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Kazakh lawmaker and amateur opera singer Darigha Nazarbaeva
Darigha Nazarbaeva, the Kazakh president's daughter, is in hot water for calling disabled children "freaks."

Nazarbaeva's proposal to discourage teenage pregnancies by organizing school visits to orphanages for children with disabilities has sparked an angry backlash online, where a video of her remarks is making the rounds.

She was speaking at a meeting of the parliamentary committee for social and cultural development on December 10, as the world marked International Human Rights Day.

"I think that from time to time children should be taken for excursions to orphanages, to institutions for disabled children, so that they see the results of an unreasoned, premature sex life," she told her fellow parliamentarians. "Show them these children, these disabled freaks, let them look at them."

WATCH: Darigha Nazarbaeva Describes Disabled Children As 'Freaks' (In Russian)

Nazarbaeva has a long track record of eyebrow-raising outbursts, including a December 9 statement that the raft of educational reforms in Kazakhstan made her "sick."

But her comment on orphans with disabilities has caused particular dismay.

"Daughters and sons of authoritarian leaders and their entourage are freaks -- vile, immoral filth," was one YouTube viewer's response.

Kazakh journalist Sapa Mekebaev suggested, tongue in cheek, that Nazarbaev's official duties, by preventing him from taking an active part in his daughter's upbringing, may be responsible for her insensitivity.

"But when children reach 50 years of age, they should understand that it's wrong to let their fathers down," he wrote on his Facebook page.

One Internet user criticized Nazarbaeva for offering to organize "freak shows" at the expense of disabled children and stressed that disabilities have nothing to do with the mother's age.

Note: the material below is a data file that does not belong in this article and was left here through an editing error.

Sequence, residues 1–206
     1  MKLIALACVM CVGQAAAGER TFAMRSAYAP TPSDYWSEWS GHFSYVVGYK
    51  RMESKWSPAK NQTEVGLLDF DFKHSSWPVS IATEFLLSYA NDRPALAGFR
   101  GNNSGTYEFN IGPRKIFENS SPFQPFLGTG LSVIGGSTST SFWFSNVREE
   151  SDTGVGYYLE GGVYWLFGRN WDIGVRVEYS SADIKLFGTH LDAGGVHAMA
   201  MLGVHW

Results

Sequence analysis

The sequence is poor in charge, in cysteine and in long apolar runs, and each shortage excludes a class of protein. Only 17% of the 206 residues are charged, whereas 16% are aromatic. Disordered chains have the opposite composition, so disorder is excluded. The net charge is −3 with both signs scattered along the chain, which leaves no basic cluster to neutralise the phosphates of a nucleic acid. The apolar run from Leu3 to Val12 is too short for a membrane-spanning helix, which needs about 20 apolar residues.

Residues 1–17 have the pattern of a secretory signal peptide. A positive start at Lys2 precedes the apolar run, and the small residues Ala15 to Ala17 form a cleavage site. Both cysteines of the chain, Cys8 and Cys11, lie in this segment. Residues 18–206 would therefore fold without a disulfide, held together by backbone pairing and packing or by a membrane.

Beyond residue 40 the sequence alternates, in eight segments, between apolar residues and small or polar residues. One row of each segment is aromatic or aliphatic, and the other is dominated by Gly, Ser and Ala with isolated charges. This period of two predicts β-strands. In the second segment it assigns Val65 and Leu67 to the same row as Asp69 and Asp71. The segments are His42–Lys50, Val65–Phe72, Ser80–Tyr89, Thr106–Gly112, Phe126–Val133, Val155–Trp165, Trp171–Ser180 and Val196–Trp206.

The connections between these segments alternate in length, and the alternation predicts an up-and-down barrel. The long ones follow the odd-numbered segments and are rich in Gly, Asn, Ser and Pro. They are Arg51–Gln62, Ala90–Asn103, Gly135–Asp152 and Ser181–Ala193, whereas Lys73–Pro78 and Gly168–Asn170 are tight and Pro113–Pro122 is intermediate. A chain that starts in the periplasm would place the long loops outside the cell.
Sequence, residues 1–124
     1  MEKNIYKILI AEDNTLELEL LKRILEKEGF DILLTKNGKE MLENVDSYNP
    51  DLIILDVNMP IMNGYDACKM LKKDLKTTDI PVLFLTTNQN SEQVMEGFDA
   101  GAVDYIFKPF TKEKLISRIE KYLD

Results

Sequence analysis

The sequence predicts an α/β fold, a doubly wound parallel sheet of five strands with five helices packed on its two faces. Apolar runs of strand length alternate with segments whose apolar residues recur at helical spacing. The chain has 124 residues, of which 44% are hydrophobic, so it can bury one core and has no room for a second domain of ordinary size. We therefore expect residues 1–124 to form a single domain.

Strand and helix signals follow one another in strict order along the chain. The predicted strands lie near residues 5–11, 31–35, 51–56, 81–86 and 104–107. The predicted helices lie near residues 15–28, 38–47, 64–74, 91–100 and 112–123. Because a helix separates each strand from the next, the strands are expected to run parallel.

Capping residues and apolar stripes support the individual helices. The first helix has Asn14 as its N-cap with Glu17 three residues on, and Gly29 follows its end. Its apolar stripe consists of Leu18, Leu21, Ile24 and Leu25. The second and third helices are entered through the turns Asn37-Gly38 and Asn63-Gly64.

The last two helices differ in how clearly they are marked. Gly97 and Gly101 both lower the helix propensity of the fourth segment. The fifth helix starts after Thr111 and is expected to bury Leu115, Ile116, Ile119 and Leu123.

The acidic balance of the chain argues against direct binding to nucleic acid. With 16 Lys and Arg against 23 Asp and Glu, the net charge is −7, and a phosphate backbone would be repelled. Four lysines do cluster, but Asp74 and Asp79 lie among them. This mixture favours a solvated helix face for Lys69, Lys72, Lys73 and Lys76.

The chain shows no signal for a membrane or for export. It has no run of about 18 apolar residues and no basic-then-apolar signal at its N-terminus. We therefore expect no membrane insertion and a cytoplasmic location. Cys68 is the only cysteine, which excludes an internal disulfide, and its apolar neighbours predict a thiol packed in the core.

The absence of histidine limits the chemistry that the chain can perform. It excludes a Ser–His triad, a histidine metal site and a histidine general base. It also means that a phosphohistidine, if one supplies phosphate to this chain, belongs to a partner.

Another user advised Nazarbaeva to take lawmakers on an excursion to the site where a rocket crashed near the Kazakh city of Baikonur on July 2, releasing a cloud of highly toxic orange fumes.

"That's where the mutation of innocent people comes from," he wrote.

There have also been suggestions that the president's daughter might have been drunk when she made the remarks.

Some, however, stood up for Nazarbaeva, saying she had probably not meant to be offensive and suggested that her comments had been misunderstood.

Nazarbaeva herself has remained tight-lipped on the issue since the controversy broke out.

-- Dina Baidildaeva and Claire Bigg
The "Euromaidan" protest movement in Ukraine appears to have gained momentum after government-backed riot police failed to clear Kyiv's Independence Square before sunrise on December 11.

Ukrainian President Viktor Yanukovych has offered to negotiate an exit from the country's current crisis, but opposition leaders say they will refuse any overtures until he accepts all of their demands.

But what comes next? Watch our Google+ Hangout with experts and journalists from Ukraine. (Scroll down for the list of participants.)


Maryana Drach is director of RFE/RL's Ukrainian Service. An international affairs specialist who joined the service in 1996, Drach also hosts the daily radio program "Liberty Today," which summarizes and analyzes key developments in Ukraine and on the international scene.

Natalia Churikova has been a journalist with RFE/RL since 1995. In 2005, she launched "European Liberty" (later "Europe Connect"), in which an online audience puts questions to residents of western Europe.

Natalya Sedletska has worked as a TV journalist based in Kyiv and is known for her investigative reporting into the public-procurement process in Ukraine. She is currently completing a Vaclav Havel Journalism Fellowship with RFE/RL.

Yevhen Hlibovytsky is founder of pro.mova, a communications consultancy dedicated to values research and focused on modernization issues in the former Soviet Union. A former journalist who in 2002 helped found the TV station "5 kanal," Hlibovytsky lectures at Kyiv-Mohyla Business School and Lviv Business School of Ukrainian Catholic University.

Brian Whitmore (moderator) is the Europe Desk Editor for RFE/RL's Central Newsroom and author of "The Power Vertical" blog.

We invite you to post questions in advance and follow updates for live links to the Google+ Hangout on Twitter and Facebook.

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Written by RFE/RL editors and correspondents, Transmission serves up news, comment, and the odd silly dictator story. While our primary concern is with foreign policy, Transmission is also a place for the ideas -- some serious, some irreverent -- that bubble up from our bureaus. The name recognizes RFE/RL's role as a surrogate broadcaster to places without free media. You can write us at

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